So any “locals” using them mainly come from “up top” in and around Paratai drive.

          But I don’t think Nick, you can say one way or the other which is the more dominant – locals or hide n riders.

          My gut feel is a lot more hide n riders use them than locals these days. Yours may differ.

          Either way, there is no particular requirement for those bus stops to be exactly where they are. Other than a (now redundant and artificial) fare stage boundary.

          These stops could be moved further along the road if it meant AT could implement a better design here.

          But of course, the real elephant in the room here is the continued allowance of parking on both sides of the road on either side of that bridge.

          Loose that parking from one side only [maybe the sea side] and the problem can easily be resolved for the benefit of all without the need for expensive seawall extensions.

          Patrick has posted at length on doing exactly that previously along here. Its a better solution all round than this.

        2. Well there is a requirement for the stops to be located there, because that is where both Ngapipi Road and the footpath are. It is a somewhat unfortunate fact that the best place for bus stops is at intersections, because people necessarily use streets to get to them.

          Sure, I have no idea how people actually get there. Maybe it is all hide and ride, maybe not. My instinct suggests this is one of the locations where locals will actually walk a bit futher to get a regular legible service on the main road, than the closer but irregual and illegible wanderer on some local road. Tamaki Drive gets effectively a ten minute headway most of the day on weekdays, the Ngapipi bus is hourly. That distinction will only get stronger with the New Network, once the Tamaki Dr bus is branded as the Blue Link and elevated to link status.

          …but if they are coming on foot the are coming along either Ngapipi Rd or the footpath, so please don’t move the stops away from those two. Especially not once you introduce a pedestrian crossing to let people safely get to and from the bus.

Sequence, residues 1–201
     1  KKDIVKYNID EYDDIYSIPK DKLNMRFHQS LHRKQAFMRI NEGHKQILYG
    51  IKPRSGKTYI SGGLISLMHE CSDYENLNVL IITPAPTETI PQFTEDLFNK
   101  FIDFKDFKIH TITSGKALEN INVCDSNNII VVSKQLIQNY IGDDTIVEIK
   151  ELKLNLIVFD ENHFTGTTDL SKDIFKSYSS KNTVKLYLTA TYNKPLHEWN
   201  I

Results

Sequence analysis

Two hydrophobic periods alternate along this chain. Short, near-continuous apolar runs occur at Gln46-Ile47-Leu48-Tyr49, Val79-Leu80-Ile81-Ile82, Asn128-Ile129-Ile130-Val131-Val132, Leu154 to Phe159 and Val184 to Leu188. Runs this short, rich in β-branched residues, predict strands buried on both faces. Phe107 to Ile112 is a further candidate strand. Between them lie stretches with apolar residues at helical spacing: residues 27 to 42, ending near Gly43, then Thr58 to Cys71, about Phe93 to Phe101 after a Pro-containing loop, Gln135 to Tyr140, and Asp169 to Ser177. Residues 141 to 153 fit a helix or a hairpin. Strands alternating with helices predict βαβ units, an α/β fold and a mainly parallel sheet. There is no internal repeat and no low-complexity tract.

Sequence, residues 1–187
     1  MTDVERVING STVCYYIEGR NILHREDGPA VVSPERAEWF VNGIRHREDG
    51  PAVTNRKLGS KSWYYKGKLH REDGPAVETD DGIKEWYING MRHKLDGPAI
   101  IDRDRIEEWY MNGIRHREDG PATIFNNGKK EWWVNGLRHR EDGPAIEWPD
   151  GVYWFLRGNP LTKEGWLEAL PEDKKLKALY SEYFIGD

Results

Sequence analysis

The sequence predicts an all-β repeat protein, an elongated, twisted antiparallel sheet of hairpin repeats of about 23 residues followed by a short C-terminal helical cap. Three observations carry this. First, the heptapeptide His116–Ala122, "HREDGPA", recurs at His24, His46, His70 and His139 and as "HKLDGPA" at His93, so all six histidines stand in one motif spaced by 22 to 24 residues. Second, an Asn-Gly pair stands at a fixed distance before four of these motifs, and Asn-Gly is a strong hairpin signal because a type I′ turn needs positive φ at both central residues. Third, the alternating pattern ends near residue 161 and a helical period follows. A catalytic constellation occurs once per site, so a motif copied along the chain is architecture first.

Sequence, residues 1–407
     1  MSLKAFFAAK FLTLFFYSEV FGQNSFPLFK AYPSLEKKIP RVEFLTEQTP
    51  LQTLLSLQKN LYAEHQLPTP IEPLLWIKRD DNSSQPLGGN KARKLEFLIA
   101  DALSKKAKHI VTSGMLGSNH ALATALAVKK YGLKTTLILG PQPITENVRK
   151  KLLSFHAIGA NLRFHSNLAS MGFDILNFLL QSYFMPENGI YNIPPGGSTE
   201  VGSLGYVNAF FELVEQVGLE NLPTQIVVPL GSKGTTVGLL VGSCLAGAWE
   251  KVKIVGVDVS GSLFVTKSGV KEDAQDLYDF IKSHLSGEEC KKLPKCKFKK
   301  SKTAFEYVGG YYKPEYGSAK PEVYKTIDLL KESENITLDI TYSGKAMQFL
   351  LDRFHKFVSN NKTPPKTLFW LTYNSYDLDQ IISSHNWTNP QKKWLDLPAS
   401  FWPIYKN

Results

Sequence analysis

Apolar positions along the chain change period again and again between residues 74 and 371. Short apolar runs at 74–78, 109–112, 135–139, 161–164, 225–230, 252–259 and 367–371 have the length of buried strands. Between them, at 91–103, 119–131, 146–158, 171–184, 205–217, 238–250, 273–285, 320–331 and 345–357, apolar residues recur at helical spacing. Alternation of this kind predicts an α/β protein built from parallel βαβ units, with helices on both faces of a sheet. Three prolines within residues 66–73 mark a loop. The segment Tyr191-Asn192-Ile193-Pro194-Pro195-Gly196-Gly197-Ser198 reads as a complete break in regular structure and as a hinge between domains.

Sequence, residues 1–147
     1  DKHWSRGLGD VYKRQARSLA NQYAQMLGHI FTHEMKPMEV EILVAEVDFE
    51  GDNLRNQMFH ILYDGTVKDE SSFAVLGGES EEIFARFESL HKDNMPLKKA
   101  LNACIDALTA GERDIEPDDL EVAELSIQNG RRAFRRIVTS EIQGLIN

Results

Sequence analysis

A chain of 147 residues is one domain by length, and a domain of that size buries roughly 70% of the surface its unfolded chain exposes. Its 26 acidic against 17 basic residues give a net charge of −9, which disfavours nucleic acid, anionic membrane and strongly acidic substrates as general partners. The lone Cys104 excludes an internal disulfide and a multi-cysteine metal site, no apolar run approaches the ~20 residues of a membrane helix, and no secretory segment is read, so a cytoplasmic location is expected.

4. I’ve used this to access the marina quite a few times, it would also be a good transfer point between Ngapipi and Tamaki buses.

  10. The bus stop was originally provided for the residents at the top of the cliff around Paratai Drive and the surrounding streets. There is a footpath and stairs leading up there from the corner near the stop. Incidentally the bus stop used to be right by the intersection but was moved back to its current position about 10 years or so ago. Of course now most of the folks from Paratai drive probably use SOV SUVs not the bus now, and from what I see most users of the stop drive there and use Tamaki drive as a park and ride. To save a fare stage I think.

  11. If the brief is to improve pedestrian/cycling safety, then this design is fairly good. It provides good safety improvements for cyclists and pedestrians.
    The slip lane really isn’t a slip lane. It’s going to be red most of the time for cars because citybound Tamaki Dr will have a green most of the time. So that’s great as a citybound cyclist. Huge improvement.

    Hand-drawn designs always look great until they meet the harsh light of reality. Sure it uses international practice, but space/cost will be the main constraint. Not to mention forcing all cyclists off the road to wait at lights. Having said that I would like to see something like that in Auckland.